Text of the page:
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When you say "charger", do you mean EVSE? The Lightning's "charger" is onboard, the EVSE is what you plug it into. I make that distinction because all EVSE's are not the same. In the US, there are three different types: J1772, CCS1 and NACS. The Lightning uses the J1772/CCS1 connection. The adaptor that allows you to use a NACS EVSE (what I think you are calling a charger) with the Lightning is the topic of this conversation.
Clearly they meant EVSE, at the end of the day Charger is short for Charging Station for most folks. Regardless of accuracy, I think most folks will always call the big box on the wall with the plug that goes into a vehicle a charger, even if the smart AC/DC inverter inside the truck does the real work.
I realize you have spent some more time in the industry than most of us, but at some point the correct terminology often gives way to the popular terminology, whether we want it to or not.
 

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Clearly they meant EVSE, at the end of the day Charger is short for Charging Station for most folks. Regardless of accuracy, I think most folks will always call the big box on the wall with the plug that goes into a vehicle a charger, even if the smart AC/DC inverter inside the truck does the real work.
I realize you have spent some more time in the industry than most of us, but at some point the correct terminology often gives way to the popular terminology, whether we want it to or not.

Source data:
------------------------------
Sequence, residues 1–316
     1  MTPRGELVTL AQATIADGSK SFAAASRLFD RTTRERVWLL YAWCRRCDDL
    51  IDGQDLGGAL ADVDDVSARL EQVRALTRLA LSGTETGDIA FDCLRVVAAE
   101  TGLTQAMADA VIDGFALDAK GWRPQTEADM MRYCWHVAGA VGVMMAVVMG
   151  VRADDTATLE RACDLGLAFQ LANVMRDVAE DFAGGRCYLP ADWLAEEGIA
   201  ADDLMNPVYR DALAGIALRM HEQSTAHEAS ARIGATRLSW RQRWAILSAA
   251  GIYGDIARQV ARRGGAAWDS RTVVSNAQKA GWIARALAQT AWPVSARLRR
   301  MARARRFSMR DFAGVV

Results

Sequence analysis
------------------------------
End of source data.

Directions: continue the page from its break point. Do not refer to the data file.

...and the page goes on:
I think you missed my point. The statement was, "all chargers are the same". Whether he meant "charger" or "EVSE", the statement is not true. Since this post was literally appended to a thread discussing the adaptors between the formats, I found it to be an odd and miss-leading statement. Unless, of course, I miss-understanding his meaning, which is why I went into exactly what I was talking about (EVSE).

Maybe I was overthinking it. :unsure:
 

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The lightning with extended battery comes with the 80 amp charger. It requires a 20 percent buffer for your breaker so 100 amp. I installed chargers 3 times in my house and had to rewire completely because the gauge of the wire and the breaker must be appropriately sized to handle the current and exceed it. Regardless if the charger is onboard or not you wiring gauge and breaker must exceed the amperage running through it regardless of whether you think it may not run that high.